He was concerned and sad – sad because one of his soldiers had been killed in the blast, and concerned because at the time he did not know if it had been an IED or if the blast had come from an artillery round he had called in as a fires support officer.
Dudek suffered a spinal cord injury, which left him with limited mobility in his legs, requiring him to use his arms to get around most of the time. After months of rehabilitation, he was released and allowed to continue his service through the Army’s Continuation On Active Duty program.
“I never had issues with being injured,” said Dudek, now the plans, procedures and policy chief for the Warrior Transition Command. “I was there, and I knew the rules. When you are already 13-14 years into your career, you’re mature enough to know that in combat – stuff happens. I wasn’t particularly angry that I got hit.”
It was this attitude of acceptance and positivity that would propel Dudek towards helping others who were wounded, ill or injured. It would also compel him to compete in the 2012 Warrior Games. The U.S. Olympic Committee hosts the Warrior Games which features service members who are wounded, ill or injured competing in a variety of sporting events.
“When people get injured catastrophically, whatever personality they had before is exponential now,” said Dudek. “If they were positive before, then they are going to be positive, and if they are kind of negative about things, that’s the way their mind gravitates toward. They allow themselves to be talked out of the quality of life that they can really achieve.”
When Dudek was commander of the Warrior Transition Battalion at Joint Base Lewis-McChord, he did not have time to compete due to his busy schedule.
“It made me kind of jealous,” said Dudek. “After my change of command, I said I am going to compete this year.”
Dudek loves swimming and he used swimming to lose weight even while in command. Every Tuesday and Thursday after work, he would go swim a minimum of a mile and half to two miles in an hour..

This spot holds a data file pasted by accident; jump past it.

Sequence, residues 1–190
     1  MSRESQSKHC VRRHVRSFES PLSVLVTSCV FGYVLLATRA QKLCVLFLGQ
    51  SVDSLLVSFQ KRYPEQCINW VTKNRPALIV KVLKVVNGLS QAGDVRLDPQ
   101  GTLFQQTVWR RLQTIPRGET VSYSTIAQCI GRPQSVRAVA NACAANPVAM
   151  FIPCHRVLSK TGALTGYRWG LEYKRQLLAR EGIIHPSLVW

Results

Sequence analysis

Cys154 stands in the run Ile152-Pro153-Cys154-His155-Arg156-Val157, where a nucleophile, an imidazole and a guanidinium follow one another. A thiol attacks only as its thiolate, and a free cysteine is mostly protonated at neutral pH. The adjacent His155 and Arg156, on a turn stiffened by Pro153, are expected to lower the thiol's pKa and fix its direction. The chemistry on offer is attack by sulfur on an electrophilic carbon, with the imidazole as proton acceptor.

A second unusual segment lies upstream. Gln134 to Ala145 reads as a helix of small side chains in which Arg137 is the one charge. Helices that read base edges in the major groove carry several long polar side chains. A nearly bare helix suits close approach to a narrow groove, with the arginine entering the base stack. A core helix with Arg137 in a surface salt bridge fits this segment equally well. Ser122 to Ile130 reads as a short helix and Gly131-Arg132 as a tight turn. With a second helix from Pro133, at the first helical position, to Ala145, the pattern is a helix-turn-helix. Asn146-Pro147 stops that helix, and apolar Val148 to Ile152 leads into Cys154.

“You work on form, flip turns and starts,” said Dudek. “It’s not like you just swim two miles and they are done with you. It’s like 100m at a shot, 200m at a shot, 400m, 50m, 25m and the lower you go the more painful it is, because that’s where you are really sprinting. And that’s where your lungs feel like they are going to explode.”
Dudek said it would be interesting to see where he matches up with the other swimmers this year. He is a little bit faster than he was last year.
“I am not exactly worried about swimming in terms of other people,” said Dudek. “I am worried about my time and the goals that I have set.”
Dudek set goals that would help push him to the level where he can be competitive.
“I will be unbelievably ecstatic with 30 seconds in the 50 free,” said Dudek. “I want 43 seconds in the 50 backstroke, I want 22 seconds or faster for the racing wheelchair, and I want 40 seconds for the 200, and I didn’t put anything for the 1500 in that racing wheelchair because that’s just going to be a gut check.”
Initially, Dudek thought he would be racing hand cycles. He uses a hand cycle borrowed from Ride 2 Recovery through coordination with Walter Reed National Military Medical Center in Bethesda, Md.
“I have been working that real hard and working the hills at Fort Belvoir,” said Dudek. “I thought I was doing really good until Rory Cooper showed up with his bike one day and said, ‘you know this isn’t a hill; you have to come to Pennsylvania.’”
Rory Cooper, FISA & Paralyzed Veterans of America chair at the Department of Rehabilitation Science and Technology, University of Pittsburgh, is one of Dudek’s mentors.
“I placed fourth in hand cycling that we had in the last trials,” Dudek said. “That’s not gold medal or silver, so I needed to pick a different sport, and I am doing triathlons so I need to do racing wheelchair anyway.”
Dudek has been training so much that he wore the tire out of the frame on his racing wheel chair. He had to borrow another one from the WTU at Fort Carson, Colo.
Dudek hopes that other athletes will realize their potential and begin to compete as well. He believes it could even save their life in the end.
“Once you get a person on the ski slope, once you get a person up on a horse, once you get a person in a kayak, that light bulb is going to come on,” said Dudek.
Although the gold medal is on everyone’s mind, as well as to triumph and win, the athletes really want to inspire others and to let them to know to just give it a try, said Dudek.
“This is the business of being sharp, of being professional, whether you’re on the battlefield or in the Warrior Games,” said Dudek. “I want to be at the top of my game. Some people draw a distinction, which is only going to hurt them in the end. I took somebody’s slot here so I better excel. I had better do my job.”
Story by Sgt. Jerry Griffis, 43rd Public Affairs Detachment
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